Senses Fail:  Doing post-hardcore with themes of spirituality, literature and more, Ridgewood’s Senses Fail are a unique blend through five albums, the latest being 2013’s Renacer.  Singer Buddy Nielsen is all that’s left of the original lineup, and as the band gets more lyrically optimistic (Renacer means “reborn” in Spanish, and it feels that way) maybe fresh members will benefit them.  Also, New Jersey is aggressive and boisterous, says Nielsen.

New Jersey though, am I right?  That’s without even getting into stuff like the legendary Misfits, sorely missed My Chemical Romance and Thursday, and critical darlings The Gaslight Anthem.  Not to mention past festivals like The Bamboozle, which evolved from Skate and Surf and then back into Skate and Surf, basically.  If you ever wanted to live somewhere just based on its music, the Garden State is a top-notch choice.

Liner Notes: Saturday, May 17th


Happy Victoria Day/May 2-4/whatever you call it weekend if you’re Canadian!  (8)Oh the weather outside is amazing/and people, they are lazing…(8)

Absolute Punk passes along a heavy blog post from Sum 41 frontman Deryck Whibley, who just spent a month in the hospital due to his kidney and liver failing after years of excessive drinking.  Whibley’s substance abuse has been known for some time, but to hear about this – and to see the pictures from it – is pretty, well, sobering.  We wish him the best, and while new Sum 41 music (which Deryck says he’s working on) would be great, him being healthy is first and foremost.

Also yesterday, As I Lay Dying frontman Tim Lambesis was sentenced to six years in prison for attempting to hire a hitman to kill his wife.  Alternative Press has been keeping up with Lambesis throughout the process, and has posted their lengthy interview with him.  It covers losing his faith, his worry about how the band could continue and of course his marital problems.  This part seemed to be the catalyst for the road he went down:  “I went to Meggan at one point and said, “I have saved up a good chunk of money. We can get a house, and then there’s not much more money I will need in order for us to live comfortably.” The big pressure was always on me to tour less. We were finally in that position. I gave her a budget of $500,000 to pick out a house. We’d pay for the entire thing at once and never have a house payment. She couldn’t find a house she liked for that amount of money. She found one for $750,000. I said, “You know that means I’m going to have to tour a lot more for this to happen. You want me to be home more often.” Now she was saying, “I want the $750,000 house. You’re going to have to tour more often.” That’s when I realized we had both changed, so much, in different ways. She couldn’t look at me as the same person she married. I couldn’t look at her that way. We could have easily gone to counseling for that. But I didn’t even push the issue. I was like, “This is the final straw.” I kind of gave up on us ever being on the same page. She’s a pretty reasonable person. If I had given her a hard time about it for a week or two, she would have probably agreed to a compromise. But I just didn’t care anymore.”  It’s a compelling look into the mindset of someone who did something most people wouldn’t.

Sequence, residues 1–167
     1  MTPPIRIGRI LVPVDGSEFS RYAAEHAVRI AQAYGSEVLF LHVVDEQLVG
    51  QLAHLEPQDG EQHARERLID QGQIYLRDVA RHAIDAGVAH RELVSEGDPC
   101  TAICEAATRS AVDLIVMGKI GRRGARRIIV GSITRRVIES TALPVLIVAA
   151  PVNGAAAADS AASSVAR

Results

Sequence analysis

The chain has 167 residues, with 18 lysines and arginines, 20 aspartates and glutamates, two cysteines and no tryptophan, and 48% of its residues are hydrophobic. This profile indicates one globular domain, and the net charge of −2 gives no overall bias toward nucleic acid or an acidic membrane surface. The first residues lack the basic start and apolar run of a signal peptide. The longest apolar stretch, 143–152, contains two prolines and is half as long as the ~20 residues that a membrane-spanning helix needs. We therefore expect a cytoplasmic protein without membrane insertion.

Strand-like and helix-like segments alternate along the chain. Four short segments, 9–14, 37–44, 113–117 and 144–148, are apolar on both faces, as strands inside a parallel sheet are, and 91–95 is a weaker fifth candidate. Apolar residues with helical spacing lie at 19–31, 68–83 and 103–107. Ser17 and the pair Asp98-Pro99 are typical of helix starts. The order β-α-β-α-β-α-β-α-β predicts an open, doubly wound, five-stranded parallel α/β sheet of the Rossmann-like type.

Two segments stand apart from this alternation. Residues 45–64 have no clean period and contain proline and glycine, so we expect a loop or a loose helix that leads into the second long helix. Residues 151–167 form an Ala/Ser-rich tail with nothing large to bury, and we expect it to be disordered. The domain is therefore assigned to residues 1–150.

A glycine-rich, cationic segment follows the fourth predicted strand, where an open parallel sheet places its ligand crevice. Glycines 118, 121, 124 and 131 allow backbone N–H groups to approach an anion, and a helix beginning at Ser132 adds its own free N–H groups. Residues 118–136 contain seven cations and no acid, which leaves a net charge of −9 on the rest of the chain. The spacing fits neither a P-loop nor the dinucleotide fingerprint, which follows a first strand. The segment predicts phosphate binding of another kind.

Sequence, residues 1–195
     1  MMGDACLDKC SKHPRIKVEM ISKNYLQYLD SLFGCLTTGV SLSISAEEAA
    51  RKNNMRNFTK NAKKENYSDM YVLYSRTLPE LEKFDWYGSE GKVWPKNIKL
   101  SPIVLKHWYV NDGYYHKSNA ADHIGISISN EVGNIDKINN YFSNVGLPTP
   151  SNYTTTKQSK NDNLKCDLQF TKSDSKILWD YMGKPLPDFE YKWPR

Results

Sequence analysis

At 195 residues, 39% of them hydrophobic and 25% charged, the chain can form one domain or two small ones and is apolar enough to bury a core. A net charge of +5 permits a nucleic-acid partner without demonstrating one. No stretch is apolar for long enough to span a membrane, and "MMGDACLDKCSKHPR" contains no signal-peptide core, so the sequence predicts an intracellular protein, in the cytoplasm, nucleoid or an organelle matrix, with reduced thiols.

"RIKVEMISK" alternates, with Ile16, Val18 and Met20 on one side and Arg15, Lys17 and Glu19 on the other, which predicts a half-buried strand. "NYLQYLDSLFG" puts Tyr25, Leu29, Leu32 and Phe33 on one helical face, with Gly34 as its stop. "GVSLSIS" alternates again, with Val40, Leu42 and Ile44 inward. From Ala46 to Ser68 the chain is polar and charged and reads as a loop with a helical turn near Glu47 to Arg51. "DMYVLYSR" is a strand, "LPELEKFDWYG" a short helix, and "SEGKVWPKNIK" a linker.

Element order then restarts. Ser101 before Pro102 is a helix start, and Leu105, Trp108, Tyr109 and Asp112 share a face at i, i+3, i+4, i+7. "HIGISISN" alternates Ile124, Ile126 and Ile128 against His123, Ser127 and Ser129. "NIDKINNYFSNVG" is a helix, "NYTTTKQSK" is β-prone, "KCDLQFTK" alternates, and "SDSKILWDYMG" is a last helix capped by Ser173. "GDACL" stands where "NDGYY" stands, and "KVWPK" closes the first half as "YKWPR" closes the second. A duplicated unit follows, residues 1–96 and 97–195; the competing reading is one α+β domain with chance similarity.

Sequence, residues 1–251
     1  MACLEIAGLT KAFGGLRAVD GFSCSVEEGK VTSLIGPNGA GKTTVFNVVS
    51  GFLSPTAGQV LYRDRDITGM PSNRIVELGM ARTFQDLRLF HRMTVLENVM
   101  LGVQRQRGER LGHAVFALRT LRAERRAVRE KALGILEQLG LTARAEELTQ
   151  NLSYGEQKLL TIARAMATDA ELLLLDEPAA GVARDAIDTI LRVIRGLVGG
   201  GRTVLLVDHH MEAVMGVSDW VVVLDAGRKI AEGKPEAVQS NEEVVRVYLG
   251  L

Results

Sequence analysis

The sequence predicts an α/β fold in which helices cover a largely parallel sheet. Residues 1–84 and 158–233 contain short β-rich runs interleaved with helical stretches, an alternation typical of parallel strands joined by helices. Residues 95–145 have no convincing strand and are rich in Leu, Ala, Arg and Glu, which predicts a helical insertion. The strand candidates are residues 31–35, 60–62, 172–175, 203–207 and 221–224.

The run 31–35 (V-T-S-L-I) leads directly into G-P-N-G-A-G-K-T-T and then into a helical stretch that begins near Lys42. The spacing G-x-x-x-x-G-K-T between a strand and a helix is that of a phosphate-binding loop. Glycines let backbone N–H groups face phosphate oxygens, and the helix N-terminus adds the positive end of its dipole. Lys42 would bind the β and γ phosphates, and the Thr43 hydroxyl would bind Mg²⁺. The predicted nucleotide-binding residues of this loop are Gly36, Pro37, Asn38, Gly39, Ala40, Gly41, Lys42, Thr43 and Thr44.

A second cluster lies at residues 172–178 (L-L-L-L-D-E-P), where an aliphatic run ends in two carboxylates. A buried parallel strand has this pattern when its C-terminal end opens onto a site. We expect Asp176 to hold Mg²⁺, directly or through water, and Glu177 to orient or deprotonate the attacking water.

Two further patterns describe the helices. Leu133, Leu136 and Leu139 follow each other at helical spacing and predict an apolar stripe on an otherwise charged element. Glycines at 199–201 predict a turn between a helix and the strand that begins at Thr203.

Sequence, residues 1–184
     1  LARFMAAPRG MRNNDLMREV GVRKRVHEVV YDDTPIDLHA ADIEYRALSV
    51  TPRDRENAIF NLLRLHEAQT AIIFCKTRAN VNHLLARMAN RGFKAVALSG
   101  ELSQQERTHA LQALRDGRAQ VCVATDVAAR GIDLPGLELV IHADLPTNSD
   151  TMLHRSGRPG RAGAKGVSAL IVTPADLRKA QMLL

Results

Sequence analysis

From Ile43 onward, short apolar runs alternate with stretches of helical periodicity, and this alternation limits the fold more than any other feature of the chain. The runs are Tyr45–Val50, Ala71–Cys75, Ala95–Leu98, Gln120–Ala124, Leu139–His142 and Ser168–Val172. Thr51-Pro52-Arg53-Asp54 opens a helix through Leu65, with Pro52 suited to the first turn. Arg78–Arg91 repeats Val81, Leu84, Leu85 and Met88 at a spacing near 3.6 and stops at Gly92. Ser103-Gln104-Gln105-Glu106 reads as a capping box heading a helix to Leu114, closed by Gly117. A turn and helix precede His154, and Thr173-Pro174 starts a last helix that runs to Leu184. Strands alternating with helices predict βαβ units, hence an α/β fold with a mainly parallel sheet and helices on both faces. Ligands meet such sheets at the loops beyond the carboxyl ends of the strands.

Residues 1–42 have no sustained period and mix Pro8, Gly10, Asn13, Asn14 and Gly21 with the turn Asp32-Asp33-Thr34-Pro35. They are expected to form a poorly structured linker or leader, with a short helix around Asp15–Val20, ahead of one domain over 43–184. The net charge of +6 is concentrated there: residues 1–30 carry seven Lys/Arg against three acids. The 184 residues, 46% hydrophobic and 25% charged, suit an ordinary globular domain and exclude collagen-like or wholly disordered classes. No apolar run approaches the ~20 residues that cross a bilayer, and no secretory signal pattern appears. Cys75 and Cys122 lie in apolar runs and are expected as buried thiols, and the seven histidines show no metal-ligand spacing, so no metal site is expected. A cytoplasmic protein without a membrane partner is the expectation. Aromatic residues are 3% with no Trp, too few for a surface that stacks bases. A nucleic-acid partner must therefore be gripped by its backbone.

Alternative Press also has news on Joey Cape of Lagwagon’s new label, One Week Records.  The name is literal: artists will make records on it in seven days.  You can listen to a couple of tracks via the link too.

Over at Dying Scene, Streetlight Manifesto has announced a few North American tour dates in October, all in the northeast. Yesterday the band also announced that they will finally be sending you something if you pre-ordered their latest album The Hands That Thieve through their web store last year.  Former label Victory Records had, you know, been acting like Victory Records and wouldn’t give the band the CDs for these pre-orders.  Streetlight Manifesto is going to make up for it by sending a booklet with pictures, poems and a blank CD.  There’s album art with it it looks like, so really it’s so you can burn the album onto it if you want…I suppose.

Arcade Fire has put out their video for “We Exist”, and it features “Amazing Spiderman” actor Andrew Garfield in drag.  Chart Attack has the video and some other info, which does connect the dots as to why Garfield appeared with the band at Coachella in drag.

PropertyOfZack has the confusing resolution (?) to Falling In Reverse’s Ronnie Radke’s domestic violence charges.  On Wednesday his ex-girlfriend Sally Watts tweeted that he pleaded no contest, but then Radke said the charges were dropped.  Relationship drama rules, right?  Falling In Reverse is playing Warped this year, anyway.

What a segue to end this edition of “Liner Notes”: SPEAKING OF WARPED, why not pre-order this year’s compilation album, which features fifty songs from Of Mice and Men, State Champs and many (d’uh) more.  This year’s festival kicks off June 13th in Houston, which will feature a live webcast.  Nice!